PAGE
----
By Elaine Liner
By Jim Schutze
By Rachel Watts
By Lauren Drewes Daniels
By Anna Merlan
By Lee Escobedo
There are at least three people trying to ignore the truth in what has become a defining moment of their lives in Man of the Moment, the sometimes sad, sometimes acidic 1988 comedy by Alan Ayckbourn. The fact that this moment -- a 17-year-old bank robbery thwarted by a meek clerk -- was witnessed and widely publicized as a brave blow against criminals suggests that some agreement can be reached about what really went down. But the hero and the armed robber have personal agendas that depend on their interpretation of the facts. And the third side of the triangle, Jill Rillington (Nicole Case), a broadcast journalist who hosts a reality-based TV show called Their Paths Crossed, has a mission in bringing these two men together at a sunny Mediterranean beach villa -- to fire up an on-camera confrontation for hungry TV viewers. Fort Worth's Allied Theatre has assembled a sharp and ready cast under director Jerry Russell to portray the unexpected consequences.
Ayckbourn specializes in showing prickly conversations between unlikely partners, but shout-downs between strangers and family members on daytime TV are far more outrageous. Still, Man of the Moment uses so-called "reality TV" more as a device than as a theme. Fickle fate is symbolized by the mercurial tastes of a national television audience. And fate is really the ageless culprit behind the switching of fortunes between Vic Parks (Mark Waltz), the former bank robber, and Douglas Beechey (Jim Covault), the shy "hero" who stepped in to protect a female clerk being held hostage. Fueled by his monstrous ego -- and through the miracle of public penance -- Parks has become a widely revered (and well-paid) TV spokesman on the subject of crime and rehabilitation, while Beechey has sunk back into obscurity to care for the wounded hostage, whom he has married. Jill Rillington, irked at what she sees as the disposability of heroes in modern society, takes the crew of Their Paths Crossed to Parks' vacation home, where his new wife (Suzi McLaughlin) and manager (Ashley Wood) stand by tensely. She negotiates separately with hero and villain of the original robbery to get her own vicarious need for vengeance satisfied.
Man of the Moment wouldn't succeed so well if not for Mark Waltz and Jim Covault in two tragicomic roles that give them lots of room to maneuver. Vic Parks and Douglas Beechey wield denial like shields to protect very different parts of themselves -- Vic to defend his need to be the noble penitent that the British public has tagged him, and Mr. Beechey to ward off the reality of the disappointing life that followed his short fling with fame. Vic feeds off conflict, in his personal life as well as in his TV shows; Mr. Beechey professes to despise it, even though his only notable experience with it has brought him (short-lived) public honors and a taciturn, if troubled, wife whom he deeply loves. Bringing Vic and Mr. Beechey together after 17 years seems to drive them further into the corners that their last meeting established rather than rile up the simmering resentments that Jill Rillington hopes are there. Waltz excels as a gruff-voiced, blue-ribbon asshole, an unlikely folk hero who squanders all his compassion and concern on the TV screen while belittling family, associates, and employees in his off-time, often with great cruelty. Squinty-eyed, stiff-backed Jim Covault, meanwhile, retains just enough of the mouse in this gentleman to reveal flashes of rodent-like opportunism -- the bank robbery has allowed him to scurry for shelter into the life of a grievously injured woman.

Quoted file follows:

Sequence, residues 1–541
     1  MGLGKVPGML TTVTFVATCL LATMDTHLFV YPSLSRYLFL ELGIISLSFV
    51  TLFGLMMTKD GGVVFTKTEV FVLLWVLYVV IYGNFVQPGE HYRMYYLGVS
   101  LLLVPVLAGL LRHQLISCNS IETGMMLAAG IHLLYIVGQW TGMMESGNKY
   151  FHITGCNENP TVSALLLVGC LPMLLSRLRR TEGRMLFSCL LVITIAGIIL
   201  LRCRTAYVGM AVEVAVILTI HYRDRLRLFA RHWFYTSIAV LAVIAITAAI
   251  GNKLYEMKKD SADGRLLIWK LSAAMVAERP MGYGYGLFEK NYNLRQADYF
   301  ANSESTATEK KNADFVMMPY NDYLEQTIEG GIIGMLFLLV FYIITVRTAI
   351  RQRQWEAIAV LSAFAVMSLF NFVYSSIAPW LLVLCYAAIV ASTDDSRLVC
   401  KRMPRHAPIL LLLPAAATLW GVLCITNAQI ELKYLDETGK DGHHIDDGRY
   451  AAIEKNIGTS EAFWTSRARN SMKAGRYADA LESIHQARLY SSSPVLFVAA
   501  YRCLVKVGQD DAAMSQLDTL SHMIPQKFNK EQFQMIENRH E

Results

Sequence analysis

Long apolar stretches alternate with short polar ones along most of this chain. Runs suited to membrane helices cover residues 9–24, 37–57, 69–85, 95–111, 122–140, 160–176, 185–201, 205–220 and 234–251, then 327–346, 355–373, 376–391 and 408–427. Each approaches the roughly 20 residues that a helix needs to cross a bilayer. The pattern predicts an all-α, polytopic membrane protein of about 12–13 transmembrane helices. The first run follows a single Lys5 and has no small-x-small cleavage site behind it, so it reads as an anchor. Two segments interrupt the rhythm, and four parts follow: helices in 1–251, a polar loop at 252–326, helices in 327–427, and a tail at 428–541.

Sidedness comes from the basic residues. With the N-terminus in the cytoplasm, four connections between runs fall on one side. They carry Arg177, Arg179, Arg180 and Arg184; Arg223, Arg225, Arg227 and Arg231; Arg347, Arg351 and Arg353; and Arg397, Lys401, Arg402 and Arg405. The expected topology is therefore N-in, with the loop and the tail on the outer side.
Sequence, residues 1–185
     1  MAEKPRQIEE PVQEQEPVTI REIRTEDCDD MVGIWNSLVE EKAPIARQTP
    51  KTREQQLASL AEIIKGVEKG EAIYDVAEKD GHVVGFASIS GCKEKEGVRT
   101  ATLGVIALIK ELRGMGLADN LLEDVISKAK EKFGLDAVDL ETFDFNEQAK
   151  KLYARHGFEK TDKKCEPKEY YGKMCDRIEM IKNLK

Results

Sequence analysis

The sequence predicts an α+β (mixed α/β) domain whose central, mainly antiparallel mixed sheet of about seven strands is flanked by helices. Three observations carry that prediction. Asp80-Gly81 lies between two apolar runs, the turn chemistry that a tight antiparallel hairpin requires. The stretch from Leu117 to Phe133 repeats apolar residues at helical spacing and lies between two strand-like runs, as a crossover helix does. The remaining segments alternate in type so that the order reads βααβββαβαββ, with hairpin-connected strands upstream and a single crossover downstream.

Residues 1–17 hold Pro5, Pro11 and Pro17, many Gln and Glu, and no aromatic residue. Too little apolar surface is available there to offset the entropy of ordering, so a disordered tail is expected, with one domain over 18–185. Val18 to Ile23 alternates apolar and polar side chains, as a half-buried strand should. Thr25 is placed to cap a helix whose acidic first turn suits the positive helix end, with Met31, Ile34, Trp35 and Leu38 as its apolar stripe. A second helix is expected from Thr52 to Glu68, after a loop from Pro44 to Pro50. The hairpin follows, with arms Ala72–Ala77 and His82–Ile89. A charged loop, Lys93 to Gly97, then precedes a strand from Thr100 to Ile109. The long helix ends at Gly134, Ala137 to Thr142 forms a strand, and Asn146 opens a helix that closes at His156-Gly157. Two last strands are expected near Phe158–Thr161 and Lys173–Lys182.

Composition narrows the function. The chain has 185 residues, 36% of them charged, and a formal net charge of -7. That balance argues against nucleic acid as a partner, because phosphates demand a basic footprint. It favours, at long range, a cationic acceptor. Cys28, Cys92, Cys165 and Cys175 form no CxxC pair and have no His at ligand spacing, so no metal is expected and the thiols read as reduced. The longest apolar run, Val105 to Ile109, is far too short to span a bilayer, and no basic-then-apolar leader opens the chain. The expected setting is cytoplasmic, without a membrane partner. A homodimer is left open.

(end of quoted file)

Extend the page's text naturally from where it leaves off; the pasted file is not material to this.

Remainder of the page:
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As in many Ayckbourn scripts, there are passages of farcical comedy in Man of the Moment that don't quite jibe with the playwright's overriding moral concerns. A well-constructed, well-performed comedy can unload more truly startling insights into serious subjects than the best tragedies and docudramas. But the episodes of physical comedy here -- involving videotape rehearsals and a swimming pool that proves most unlucky for several cast members -- are diversions rather than believable situations. For the most part, they could be excised and more comic possibilities milked from the mismatched manners shown at this seaside villa. In those moments when each of the assembled strangers is trying to figure out what the other people want from them, Ayckbourn and Allied Theatre's superior cast triumph while showcasing the dissatisfactions that come from receiving what you wished for.